Every NOperas! production confronts the participating opera houses with unusual challenges. That “Kitesh” would hardly stand back was clear from the beginning, but not that Corona would step in and take everything to the limit. After a strenuous hurdle race last Sunday, “Kitesh” had its premiere in Halle.
Two performances were played on this day of the premiere. Only seventy-five people were allowed as audiences in each case, which could not be heard in the thunderous final applause. Not only did “Hauen und Stechen” achieve something superhuman on the last stretch of the preparation, but also – with all its departments – the Halle Opera!
After the austerity programme of the digital space into which the theatre has retreated in recent months, after all the 19-inch formats in which it has been staged since then, “Kitesh” can be experienced as a circus-like spectacle that sweeps the audience away into the long forgotten world of exuberant total theatre and thus as an almost defiant act of insisting on a sphere of the sensual and immediate.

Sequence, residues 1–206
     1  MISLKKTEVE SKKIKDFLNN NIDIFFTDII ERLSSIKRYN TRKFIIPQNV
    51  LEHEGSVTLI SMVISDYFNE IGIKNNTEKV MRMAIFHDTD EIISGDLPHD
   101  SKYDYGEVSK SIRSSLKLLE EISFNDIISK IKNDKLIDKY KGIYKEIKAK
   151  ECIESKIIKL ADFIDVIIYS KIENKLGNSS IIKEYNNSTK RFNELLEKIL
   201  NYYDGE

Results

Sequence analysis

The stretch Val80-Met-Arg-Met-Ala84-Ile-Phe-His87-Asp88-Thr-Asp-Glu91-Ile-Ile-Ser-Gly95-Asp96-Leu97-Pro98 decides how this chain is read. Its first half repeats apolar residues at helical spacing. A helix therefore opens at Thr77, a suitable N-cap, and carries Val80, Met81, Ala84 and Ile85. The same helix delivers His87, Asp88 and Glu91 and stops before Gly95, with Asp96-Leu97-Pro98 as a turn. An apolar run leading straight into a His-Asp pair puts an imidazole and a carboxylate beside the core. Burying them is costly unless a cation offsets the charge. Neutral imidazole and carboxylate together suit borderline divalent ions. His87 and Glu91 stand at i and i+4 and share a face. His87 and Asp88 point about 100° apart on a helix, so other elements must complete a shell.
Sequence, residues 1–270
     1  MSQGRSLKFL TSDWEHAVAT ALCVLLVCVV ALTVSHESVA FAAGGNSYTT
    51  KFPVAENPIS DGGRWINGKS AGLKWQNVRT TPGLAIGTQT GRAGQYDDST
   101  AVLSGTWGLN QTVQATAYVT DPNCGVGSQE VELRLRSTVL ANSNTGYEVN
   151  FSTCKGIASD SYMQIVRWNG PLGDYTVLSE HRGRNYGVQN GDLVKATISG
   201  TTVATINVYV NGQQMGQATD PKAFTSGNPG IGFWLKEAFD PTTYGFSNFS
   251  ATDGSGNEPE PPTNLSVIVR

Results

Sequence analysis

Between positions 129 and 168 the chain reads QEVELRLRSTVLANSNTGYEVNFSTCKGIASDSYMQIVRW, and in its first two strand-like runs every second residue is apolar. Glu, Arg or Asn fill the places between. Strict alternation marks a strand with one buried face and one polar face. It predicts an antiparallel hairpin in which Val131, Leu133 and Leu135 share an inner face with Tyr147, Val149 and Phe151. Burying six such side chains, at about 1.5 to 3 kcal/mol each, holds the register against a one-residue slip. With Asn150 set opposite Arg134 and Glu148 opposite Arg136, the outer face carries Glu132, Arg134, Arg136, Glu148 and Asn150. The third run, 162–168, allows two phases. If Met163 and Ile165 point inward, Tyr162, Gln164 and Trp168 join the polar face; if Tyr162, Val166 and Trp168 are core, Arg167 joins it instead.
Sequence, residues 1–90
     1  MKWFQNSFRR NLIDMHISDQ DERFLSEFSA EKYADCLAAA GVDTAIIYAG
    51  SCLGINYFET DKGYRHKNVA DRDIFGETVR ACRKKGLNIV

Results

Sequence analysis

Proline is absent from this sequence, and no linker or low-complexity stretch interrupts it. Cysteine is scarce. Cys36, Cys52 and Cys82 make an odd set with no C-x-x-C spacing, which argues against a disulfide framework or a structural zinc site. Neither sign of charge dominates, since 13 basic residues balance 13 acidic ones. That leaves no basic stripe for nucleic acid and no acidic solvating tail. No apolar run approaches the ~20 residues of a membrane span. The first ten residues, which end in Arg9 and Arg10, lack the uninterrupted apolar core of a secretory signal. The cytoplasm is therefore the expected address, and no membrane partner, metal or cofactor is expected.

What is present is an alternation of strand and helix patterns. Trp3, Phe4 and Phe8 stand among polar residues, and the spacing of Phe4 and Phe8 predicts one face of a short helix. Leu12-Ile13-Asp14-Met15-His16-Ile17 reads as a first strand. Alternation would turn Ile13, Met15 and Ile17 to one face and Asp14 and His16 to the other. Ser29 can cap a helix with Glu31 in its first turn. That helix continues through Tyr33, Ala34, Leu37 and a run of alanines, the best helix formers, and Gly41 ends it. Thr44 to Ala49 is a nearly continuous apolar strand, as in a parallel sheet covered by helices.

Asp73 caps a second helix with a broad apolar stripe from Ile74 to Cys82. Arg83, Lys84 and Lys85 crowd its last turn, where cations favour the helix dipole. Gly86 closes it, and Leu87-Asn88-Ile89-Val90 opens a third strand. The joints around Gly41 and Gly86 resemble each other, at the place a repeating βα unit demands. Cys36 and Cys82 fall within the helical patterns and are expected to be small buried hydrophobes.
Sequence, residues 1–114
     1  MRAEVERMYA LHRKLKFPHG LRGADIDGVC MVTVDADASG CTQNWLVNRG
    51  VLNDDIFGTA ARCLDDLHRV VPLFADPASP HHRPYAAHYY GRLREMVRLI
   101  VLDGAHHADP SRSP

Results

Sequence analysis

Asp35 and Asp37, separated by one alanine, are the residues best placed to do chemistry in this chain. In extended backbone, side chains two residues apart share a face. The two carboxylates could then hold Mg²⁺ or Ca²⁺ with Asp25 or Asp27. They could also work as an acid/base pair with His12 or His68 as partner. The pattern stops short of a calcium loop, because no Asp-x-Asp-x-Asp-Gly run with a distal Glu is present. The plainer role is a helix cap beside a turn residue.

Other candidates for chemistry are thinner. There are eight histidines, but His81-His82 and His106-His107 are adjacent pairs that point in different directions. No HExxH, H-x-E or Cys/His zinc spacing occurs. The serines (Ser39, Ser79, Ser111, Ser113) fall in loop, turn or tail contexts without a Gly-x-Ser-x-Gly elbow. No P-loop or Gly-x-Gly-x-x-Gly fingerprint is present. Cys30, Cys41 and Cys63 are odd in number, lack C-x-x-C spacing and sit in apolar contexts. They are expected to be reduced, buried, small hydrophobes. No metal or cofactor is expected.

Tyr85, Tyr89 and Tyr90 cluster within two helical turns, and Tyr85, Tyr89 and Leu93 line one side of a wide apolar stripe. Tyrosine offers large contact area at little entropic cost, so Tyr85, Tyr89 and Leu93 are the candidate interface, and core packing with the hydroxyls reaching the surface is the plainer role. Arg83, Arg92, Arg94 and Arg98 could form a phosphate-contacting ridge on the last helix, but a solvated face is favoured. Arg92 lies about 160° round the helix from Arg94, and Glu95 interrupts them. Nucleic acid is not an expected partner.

With the disappearance of the invisible city of Kitesh, the nmz (Neue Musikzeitung) sees at the same time “a happening celebrated about the disappearance of the opera. Not only of the concrete work from the beginning of the last century, but of the whole genre.” And it continues: “What [Hauen und Stechen] attempts to unleash in theatrical violence comes close to the work of art-the aesthetic of the future, which at the Halle Opera has controversially stimulated the discourse on the possibilities and limits of music theatre […]. But this […] series and its parts always remained in the small form appropriate to it.”
Now at least Richard Wagner, who coined the term “artwork of the future”, is not exactly known for his preference for small forms. Instead, he believed, it was a matter of “thinking the borders [sic] to the widest possible extent to be extended” (Wagner KdZ, Leipzig 1850, p.33). To do this, he said, one must “first examine the nature of the types of art which today, in their fragmentation, make up the general art system of the present day”, in order to then combine them into a “large, general work of art” [Wagner, p.36].
It can easily be argued that music theatre as an art form has always (and not only with Wagner) aimed at integrating all the individual arts existing at the time. It is therefore worth considering whether this evening in Halle was perhaps less about the “disappearance of the opera” than about a new revival of its innermost ideas.